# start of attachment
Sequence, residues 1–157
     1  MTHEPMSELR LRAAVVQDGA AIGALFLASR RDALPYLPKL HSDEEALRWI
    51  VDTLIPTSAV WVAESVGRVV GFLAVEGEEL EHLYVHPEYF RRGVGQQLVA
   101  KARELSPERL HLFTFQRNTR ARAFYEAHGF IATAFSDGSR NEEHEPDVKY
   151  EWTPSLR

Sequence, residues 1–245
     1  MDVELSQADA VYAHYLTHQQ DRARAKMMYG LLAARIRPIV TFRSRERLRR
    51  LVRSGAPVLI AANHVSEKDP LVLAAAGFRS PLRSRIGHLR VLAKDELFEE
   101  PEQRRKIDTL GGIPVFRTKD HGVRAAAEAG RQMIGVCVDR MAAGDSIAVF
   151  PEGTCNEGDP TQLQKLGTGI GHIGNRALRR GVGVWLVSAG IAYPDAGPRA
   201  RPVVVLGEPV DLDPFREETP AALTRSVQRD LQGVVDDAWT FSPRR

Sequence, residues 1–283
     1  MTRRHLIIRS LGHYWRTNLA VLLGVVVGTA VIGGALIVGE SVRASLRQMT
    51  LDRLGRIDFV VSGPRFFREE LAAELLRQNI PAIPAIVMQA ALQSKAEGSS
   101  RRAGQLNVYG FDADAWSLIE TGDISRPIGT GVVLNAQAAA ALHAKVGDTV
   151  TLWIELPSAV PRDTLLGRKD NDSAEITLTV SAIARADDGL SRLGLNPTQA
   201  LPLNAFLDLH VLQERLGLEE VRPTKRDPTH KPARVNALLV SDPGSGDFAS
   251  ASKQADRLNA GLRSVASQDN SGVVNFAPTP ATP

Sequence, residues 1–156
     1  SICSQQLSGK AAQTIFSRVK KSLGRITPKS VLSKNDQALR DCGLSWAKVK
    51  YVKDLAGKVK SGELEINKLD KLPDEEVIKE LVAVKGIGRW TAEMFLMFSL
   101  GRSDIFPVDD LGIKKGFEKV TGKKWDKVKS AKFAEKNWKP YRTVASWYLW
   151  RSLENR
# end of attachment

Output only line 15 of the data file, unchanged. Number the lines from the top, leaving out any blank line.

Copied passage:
   101  RRAGQLNVYG FDADAWSLIE TGDISRPIGT GVVLNAQAAA ALHAKVGDTV